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September 20, 2011

The Perils of Partisanship

What will it mean to her or his election chances? What do the political experts think? What do the polls say? What political advantage was he or she seeking when she or he proposed this or that? And will he or she achieve it?

What's missing in the litany above are all the important questions: was the proposal a good idea or not? Does it have the right objectives? Is it the right means to achieve those objectives? What are the negative consequences of acting? Of not acting? Are there better alternatives? How will it work? How do we know? How do we decide?

It's easy to see that Republican Senate Minority Leader Mitch McConnell can't be effective if he believes what he said: "the single most important thing we want to achieve is for President Obama to be a one-term president." We need him to give priority to the economy, the deficit, jobs to the extent government can do anything to create them, national defense, etc. etc. In fact, though, much of the media (including we bloggers) and many Americans discuss politics and partisan advantage instead of policy almost all of the time. The obsession, itself, is bipartisan.

For example, Shay Totten is a bulldog of a reporter for Seven Days. He did a great job of being a one man twitter hub during the chaos immediately after Irene. But his article about why Democratic Governor Peter Shumlin appointed long-time Republican Neale Lunderville as Vermont's Irene Czar for the next four months forsakes substance for political speculation:

"Gov. Peter Shumlin's appointment of a top GOP operative to oversee the initial recovery actions in the wake of Tropical Storm Irene was cronyism and political genius….

"This appointment is about one thing and one thing only: Shumlin's reelection and the political power that GMP wields in Vermont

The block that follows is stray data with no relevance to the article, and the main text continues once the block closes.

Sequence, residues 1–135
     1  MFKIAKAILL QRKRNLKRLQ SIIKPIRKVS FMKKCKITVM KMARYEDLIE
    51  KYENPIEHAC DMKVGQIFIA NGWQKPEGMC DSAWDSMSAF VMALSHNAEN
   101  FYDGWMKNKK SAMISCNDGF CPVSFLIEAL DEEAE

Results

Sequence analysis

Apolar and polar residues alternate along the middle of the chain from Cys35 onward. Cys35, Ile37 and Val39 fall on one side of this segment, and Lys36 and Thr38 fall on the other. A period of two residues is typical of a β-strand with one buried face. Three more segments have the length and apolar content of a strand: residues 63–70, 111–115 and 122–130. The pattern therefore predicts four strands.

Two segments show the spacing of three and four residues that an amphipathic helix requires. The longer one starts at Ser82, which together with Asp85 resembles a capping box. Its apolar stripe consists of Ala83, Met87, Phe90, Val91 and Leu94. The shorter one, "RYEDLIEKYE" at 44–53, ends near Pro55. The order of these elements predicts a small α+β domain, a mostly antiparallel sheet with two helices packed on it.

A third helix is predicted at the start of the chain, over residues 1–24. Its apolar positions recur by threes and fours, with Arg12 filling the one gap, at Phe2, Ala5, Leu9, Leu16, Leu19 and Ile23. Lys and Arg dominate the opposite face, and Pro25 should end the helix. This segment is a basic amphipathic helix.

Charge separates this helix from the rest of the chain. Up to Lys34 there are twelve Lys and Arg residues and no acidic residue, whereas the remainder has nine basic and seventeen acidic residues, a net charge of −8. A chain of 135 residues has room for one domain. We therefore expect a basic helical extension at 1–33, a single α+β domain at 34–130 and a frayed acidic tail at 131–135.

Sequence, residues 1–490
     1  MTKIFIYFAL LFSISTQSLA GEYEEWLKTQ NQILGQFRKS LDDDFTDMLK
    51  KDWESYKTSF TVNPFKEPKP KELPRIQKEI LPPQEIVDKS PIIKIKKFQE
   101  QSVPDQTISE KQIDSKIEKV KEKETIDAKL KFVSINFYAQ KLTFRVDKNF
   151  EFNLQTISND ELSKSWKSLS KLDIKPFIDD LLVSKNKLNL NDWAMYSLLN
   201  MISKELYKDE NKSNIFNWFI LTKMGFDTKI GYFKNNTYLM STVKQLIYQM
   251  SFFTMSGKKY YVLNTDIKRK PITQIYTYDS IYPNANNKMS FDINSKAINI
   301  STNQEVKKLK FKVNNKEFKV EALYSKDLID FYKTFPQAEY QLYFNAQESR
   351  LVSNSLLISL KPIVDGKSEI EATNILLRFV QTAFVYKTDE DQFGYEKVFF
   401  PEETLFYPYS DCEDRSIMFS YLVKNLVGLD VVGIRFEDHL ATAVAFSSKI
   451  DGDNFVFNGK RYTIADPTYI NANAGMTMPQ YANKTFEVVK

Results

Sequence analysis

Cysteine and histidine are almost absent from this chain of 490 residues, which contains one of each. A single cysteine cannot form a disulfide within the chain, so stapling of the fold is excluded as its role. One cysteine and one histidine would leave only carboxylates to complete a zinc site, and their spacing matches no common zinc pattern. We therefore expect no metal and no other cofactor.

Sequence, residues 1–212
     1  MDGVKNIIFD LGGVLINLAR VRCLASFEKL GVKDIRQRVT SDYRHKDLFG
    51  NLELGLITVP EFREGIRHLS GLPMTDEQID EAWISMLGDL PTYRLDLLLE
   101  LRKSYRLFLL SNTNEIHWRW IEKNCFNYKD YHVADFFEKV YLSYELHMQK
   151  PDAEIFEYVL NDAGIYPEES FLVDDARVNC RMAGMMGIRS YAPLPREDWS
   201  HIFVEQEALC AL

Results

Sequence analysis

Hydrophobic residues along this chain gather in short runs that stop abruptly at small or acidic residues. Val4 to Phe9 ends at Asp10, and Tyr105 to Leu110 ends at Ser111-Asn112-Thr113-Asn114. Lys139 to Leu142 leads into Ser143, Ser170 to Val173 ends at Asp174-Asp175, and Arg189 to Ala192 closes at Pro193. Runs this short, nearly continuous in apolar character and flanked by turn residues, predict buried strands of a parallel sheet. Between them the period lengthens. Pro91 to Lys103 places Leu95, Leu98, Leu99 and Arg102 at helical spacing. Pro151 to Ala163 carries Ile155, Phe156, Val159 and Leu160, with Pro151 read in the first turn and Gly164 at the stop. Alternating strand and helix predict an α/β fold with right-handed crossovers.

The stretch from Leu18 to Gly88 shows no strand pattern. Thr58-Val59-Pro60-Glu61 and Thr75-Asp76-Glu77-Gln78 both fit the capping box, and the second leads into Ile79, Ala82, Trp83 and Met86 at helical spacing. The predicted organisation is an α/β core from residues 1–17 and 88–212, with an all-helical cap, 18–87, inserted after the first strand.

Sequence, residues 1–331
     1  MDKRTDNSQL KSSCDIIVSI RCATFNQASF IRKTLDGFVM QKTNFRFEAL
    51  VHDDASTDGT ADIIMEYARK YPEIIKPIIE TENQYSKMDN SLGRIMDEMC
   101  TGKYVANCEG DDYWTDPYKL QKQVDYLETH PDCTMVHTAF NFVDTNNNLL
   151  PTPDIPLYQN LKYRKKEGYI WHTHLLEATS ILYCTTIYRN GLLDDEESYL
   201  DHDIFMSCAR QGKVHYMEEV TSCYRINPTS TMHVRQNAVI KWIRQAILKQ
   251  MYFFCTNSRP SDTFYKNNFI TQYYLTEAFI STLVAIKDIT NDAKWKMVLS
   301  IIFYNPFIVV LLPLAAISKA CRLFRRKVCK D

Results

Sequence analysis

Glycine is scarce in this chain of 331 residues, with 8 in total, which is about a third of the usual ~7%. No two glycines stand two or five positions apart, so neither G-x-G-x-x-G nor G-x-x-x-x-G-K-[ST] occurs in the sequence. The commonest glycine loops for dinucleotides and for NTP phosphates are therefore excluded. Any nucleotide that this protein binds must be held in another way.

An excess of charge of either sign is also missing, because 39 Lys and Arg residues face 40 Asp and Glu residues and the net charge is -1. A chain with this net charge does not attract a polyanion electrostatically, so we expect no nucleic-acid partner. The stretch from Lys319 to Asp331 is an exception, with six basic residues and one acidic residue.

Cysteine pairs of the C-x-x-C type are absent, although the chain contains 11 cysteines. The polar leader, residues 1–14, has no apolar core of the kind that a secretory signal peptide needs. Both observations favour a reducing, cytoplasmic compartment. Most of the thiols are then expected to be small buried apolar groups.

"With one shrewd, calculated appointment, Shumlin took away the opportunity for an opponent to say that a Democrat mucked up Vermont's disaster recovery efforts."

The important questions of whether this is a good appointment and whether Lunderville is the best person for the job are simply not addressed. (In my opinion, he is – substance here). Totten acknowledges that Lunderville has been both Vermont's transportation secretary and administration secretary. Did he do a good job in those positions? That's relevant but no discussion of it here. There are no interviews with people from the legislature or state government who worked with Lunderville. There is no suggestion of who might have been better-qualified. The article has only snarky speculation of what motives – beyond getting well-qualified help with Vermont's recovery – Shumlin may have had.

Some Republican "operatives" have been critical of Lunderville – maybe the only time they ever agreed with Shay Totten. They're afraid that Lunderville'll make Shumlin look good by making the rebuilding a success, by helping the state be better than it was before the storm hit. Like McConnell, they care more about the next election than the fate of the State.

It is true that politicians – and all office holders in a democracy are politicians – are surrounded by people who are more concerned with spin and partisan advantage than substance, as I learned when I worked in Governor Richard Snelling's administration 30 years ago. To put things in perspective, he said: "First, we have to decide what the right thing to do is; then we'll think about the politics. Otherwise we'll just confuse ourselves."

Yesterday President Obama announced a deficit reduction plan. "With the 2012 election just around the corner…." is the way the coverage I saw on CBS began. Clips of the President talking about millionaires paying their fair share and Republicans sticking to their class warfare script. Nothing in that coverage about the amount the tax would raise; how much of an increase it is for whom; what percentage of their income they already pay in tax (or don't). There was no attempt to verify or disprove the Republican claim that the proposed tax increase will fall mainly on job-creating small businesses.

If we the people don't insist on getting the meaty facts, if we gorge on the sugary coverage of the partisan effect of each proposal, then we'll get more of what we ask for. We have big decisions to make; we need to know more than what someone may have been thinking about the effect on his or her re-election when she or he framed a proposal. Even if re-election was all the politician was thinking about, we need coverage of the substance of the proposal long before we need speculation about the motives behind it or even the likely effect on the next election.

Related posts:

CEO Lesson: Decide First; Spin Second

Shumlin Appointment of Lunderville as Irene Czar Great non-Partisan Decision

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